I'm using Critic2 software to perform post-processing of the charge density of metallic alloys. With the charge density obtained from the Self-Consistent-Field calculation (for that I'm using Quantum ESPRESSO), Critic uses both the Yu and Trinkle and Bader methods to perform the charge analysis.

The results are the attractors (namely the atoms) within the structure, the atomic volumes, the all-electron density integrated into its basis (POP), the Laplacian of the all-electron basis (LAP), and the pseudo-density (since we use pseudo-potentials) ($2).

Bellow an example of its output using the Yu and Trinkle method:

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My question is: how to analyze such results? Or in a more general fashion, how to analyze charge results? All we got are numbers, what are their meanings?

  • $\begingroup$ Hi @Anibal, could you please write the detailed steps for the critic2 charge analysis (for interstitial charge determination)? Thanks in advance. $\endgroup$
    – Sak
    Dec 9, 2022 at 4:21

1 Answer 1


I would make the argument that for a single, fixed configuration of some system, charge analysis doesn't tell you much. Since different methods for computing charges can vary widely in the value they produce and atomic charge isn't an observable, the absolute value of charge/population on an atom isn't necessarily meaningful.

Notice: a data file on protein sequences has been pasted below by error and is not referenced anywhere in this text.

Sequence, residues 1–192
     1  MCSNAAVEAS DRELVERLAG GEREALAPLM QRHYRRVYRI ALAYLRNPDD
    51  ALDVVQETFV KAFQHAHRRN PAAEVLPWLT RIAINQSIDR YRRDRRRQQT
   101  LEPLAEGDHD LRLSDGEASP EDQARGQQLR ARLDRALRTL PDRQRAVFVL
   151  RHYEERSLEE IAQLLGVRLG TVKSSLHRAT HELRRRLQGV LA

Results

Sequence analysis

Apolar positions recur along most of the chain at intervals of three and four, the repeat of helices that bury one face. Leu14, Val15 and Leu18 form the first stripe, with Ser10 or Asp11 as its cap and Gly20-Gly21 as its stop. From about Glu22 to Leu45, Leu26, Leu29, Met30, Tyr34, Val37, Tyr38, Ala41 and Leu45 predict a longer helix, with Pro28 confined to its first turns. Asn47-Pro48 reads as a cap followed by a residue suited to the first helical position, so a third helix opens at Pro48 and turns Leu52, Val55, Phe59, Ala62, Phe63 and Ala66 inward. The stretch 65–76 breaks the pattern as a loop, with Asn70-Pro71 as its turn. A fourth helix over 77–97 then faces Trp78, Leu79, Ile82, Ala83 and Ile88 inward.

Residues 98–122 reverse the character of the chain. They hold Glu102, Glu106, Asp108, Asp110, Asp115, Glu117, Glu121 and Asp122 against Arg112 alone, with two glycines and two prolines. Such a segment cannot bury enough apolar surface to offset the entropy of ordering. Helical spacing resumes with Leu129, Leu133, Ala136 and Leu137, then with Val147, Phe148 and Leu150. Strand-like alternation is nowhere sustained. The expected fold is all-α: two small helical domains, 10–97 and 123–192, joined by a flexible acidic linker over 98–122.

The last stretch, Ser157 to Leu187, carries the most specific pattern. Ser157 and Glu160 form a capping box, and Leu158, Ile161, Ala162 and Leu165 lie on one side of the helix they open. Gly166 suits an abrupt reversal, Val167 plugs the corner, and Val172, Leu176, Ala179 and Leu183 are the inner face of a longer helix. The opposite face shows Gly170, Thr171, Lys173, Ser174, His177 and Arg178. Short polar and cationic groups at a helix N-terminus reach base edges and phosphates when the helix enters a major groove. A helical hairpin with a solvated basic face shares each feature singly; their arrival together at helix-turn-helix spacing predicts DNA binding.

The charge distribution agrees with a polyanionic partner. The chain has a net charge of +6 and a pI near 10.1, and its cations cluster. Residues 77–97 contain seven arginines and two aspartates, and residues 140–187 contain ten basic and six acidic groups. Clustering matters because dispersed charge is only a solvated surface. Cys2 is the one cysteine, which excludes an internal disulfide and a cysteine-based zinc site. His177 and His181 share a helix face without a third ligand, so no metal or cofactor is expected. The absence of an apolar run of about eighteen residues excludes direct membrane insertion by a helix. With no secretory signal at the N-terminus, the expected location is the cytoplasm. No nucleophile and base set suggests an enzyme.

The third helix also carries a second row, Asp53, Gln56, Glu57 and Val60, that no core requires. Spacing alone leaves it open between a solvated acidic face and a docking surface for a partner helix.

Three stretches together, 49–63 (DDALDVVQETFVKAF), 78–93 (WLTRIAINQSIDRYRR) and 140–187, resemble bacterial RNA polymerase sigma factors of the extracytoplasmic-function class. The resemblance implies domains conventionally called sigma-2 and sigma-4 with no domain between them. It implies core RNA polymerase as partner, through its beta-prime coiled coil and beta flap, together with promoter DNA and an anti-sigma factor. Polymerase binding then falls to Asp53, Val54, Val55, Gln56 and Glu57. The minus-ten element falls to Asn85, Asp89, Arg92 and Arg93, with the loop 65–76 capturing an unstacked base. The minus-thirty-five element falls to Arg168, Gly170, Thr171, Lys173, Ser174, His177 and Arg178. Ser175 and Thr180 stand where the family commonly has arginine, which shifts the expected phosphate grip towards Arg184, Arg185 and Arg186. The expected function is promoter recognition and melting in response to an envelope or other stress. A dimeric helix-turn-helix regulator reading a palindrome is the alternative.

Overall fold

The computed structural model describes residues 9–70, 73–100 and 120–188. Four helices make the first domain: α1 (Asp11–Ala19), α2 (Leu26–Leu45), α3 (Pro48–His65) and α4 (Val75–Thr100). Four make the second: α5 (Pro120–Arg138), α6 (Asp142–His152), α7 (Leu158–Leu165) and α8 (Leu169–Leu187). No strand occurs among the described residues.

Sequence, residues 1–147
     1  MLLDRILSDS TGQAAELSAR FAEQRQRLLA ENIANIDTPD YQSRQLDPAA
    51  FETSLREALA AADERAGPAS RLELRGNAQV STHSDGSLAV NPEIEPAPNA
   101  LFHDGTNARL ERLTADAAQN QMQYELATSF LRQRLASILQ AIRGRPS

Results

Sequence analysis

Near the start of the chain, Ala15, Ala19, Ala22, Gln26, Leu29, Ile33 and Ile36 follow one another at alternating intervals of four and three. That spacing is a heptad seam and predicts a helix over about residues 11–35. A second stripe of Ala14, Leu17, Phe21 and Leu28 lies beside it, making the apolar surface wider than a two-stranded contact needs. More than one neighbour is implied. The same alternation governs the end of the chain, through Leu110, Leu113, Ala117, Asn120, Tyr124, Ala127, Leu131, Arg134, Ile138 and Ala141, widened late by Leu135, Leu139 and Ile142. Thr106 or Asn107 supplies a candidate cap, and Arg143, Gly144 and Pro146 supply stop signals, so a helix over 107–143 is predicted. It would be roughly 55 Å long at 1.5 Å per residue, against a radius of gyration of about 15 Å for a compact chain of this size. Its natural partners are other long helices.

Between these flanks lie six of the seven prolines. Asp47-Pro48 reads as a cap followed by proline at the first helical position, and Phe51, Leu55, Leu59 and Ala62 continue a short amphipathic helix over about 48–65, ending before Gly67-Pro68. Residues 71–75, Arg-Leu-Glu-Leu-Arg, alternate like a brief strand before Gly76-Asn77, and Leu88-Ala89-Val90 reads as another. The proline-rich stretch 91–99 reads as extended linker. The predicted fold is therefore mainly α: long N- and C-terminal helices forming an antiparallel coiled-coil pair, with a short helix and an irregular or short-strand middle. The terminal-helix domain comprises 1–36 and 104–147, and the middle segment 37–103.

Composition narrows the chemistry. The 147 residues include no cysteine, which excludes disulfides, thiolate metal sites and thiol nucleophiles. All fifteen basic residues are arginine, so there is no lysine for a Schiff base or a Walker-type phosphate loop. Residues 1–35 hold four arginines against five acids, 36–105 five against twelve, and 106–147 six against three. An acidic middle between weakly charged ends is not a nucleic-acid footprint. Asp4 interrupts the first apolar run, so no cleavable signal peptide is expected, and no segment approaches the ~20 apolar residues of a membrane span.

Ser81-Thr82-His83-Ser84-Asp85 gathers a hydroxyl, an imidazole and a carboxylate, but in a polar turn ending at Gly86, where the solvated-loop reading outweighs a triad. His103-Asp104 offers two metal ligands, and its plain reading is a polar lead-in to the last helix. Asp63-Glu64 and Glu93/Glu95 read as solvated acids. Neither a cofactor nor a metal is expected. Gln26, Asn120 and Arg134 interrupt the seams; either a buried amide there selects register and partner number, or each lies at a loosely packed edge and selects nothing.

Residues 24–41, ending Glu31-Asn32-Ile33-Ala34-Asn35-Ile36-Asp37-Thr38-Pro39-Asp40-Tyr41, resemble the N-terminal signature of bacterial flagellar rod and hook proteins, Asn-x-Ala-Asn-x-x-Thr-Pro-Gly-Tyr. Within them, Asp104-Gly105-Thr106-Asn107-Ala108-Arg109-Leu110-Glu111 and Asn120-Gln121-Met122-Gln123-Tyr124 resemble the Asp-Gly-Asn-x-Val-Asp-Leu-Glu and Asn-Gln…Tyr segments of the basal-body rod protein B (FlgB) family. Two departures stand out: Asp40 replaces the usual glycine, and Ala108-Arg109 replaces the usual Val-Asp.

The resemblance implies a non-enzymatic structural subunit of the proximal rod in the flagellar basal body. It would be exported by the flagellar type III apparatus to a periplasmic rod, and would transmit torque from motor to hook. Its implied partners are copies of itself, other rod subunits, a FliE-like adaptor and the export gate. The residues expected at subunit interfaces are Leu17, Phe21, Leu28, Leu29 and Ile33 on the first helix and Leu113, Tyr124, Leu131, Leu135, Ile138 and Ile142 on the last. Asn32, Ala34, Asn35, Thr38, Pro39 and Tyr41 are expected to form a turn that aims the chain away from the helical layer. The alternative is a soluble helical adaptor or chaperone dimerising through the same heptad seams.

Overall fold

However, like many properties in computational chemistry, useful information can be derived from differences in these populations between related structures. This could mean, for example, looking at the population for different conformers of a molecule, how the population varies over the course of a reaction, or a family of molecules with varying substitutions/dopants.

Taking the reaction example, you might be interested in figuring out why, intuitively, a given reaction occurs, beyond just determining that the products are more stable than the reactants. By monitoring the charge of key atoms over the reaction pathway, you may be able to determine a reason why the reaction proceeds by that mechanism (e.g. the reaction may reduce the charge on a metal center).

So I would say there is quite a lot you can do with charges, but it is very context dependent what information you can or want to derive from them.


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